Doors Close, Doors Open

Photo by Ronald Cuyan on Unsplash

July 16, 2012

“When one door closes, another opens.” I’ve had to remind myself of that a lot lately. I’ve been sending out a lot of resumes, earnestly trying to improve my financial situation and at the same time, not wallow in self-pity or self-defeat. Money is huge stressor for me; I grew up privileged and never wanting. Yet, I never properly learned how to manage my finances and so my old anxiety around money has reared its head as I’m worried about feeding my kids or helping pay house bills. I’ve had to lean on my sobriety for this particular “character defect.” It’s easy to be self-deprecating as a man who’s not the household breadwinner; it’s easy for my ego to be loud about my having a good education but not a solid job. I’m trying to keep calm and have faith about finding a solid source of income. These stressors — and others which aren’t strictly financial — could’ve more readily knocked me out of my sobriety a few years back.

And yet, they haven’t. I’ve had my slips to be sure, but when speaking with a friend in fellowship the other day, he shared the metaphor of an open door with a twist. A daily inspiration he read noted that we have to allow that previous door to close before the other one can even fully open; before we can walk into that next room of spiritual growth. It’s an apt visual for the myriad details which fall under recovery — family well-being, physical health, financial security, recreation, intimacy — the sum of the aspects of our lives which can now be tended to and made healthier by my sobriety.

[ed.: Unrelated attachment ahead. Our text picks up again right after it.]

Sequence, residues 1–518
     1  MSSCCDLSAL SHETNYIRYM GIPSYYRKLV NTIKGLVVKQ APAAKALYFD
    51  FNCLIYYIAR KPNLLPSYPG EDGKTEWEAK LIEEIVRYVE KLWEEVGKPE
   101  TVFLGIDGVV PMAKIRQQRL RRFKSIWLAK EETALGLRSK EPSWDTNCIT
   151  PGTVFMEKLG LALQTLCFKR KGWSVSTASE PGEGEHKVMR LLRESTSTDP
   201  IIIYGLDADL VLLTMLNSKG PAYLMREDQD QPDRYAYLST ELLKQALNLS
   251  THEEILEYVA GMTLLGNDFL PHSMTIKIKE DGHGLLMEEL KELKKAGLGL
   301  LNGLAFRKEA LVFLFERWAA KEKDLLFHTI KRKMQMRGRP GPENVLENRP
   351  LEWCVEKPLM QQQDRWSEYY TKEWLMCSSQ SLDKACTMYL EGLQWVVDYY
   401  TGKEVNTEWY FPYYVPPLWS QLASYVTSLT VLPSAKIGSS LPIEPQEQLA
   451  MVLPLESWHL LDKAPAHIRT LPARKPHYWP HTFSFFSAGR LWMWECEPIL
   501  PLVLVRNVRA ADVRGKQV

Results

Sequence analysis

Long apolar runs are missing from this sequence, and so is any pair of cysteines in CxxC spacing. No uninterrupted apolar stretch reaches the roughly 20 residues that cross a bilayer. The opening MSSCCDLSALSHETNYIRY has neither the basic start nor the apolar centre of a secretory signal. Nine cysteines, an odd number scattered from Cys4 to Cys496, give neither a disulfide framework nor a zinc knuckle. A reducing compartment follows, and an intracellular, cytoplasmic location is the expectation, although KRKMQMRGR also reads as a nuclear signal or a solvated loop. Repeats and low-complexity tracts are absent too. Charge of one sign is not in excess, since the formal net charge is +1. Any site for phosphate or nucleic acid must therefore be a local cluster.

The one door has to close — as in closure — before I am committed more fully to moving forward. That doesn’t mean I don’t sometimes step back into old habits. But with recovery, I for one, can recognize my character defects more readily. So, now I surrender more readily; and can take action more readily and get unstuck from those old patterns. Sometimes, the fear of the unknown and the comfort of familiarity, even unhealthy familiarity, keeps us in that “chamber” between the doors, stultified and unsure. Not fully letting go of the past and hesitant to move toward a brighter, but unknown, future. It’s amazing how comfortable we can become in our addiction and tolerant of our old pain and old ways. But with this work, with this program of recovery, earnestly endeavored, we can step through one door and say good-bye to our unhealthy past with compassion. And we can move forward through the next door, into the next experience, with a steadfastness galvanized by confidence and faith.

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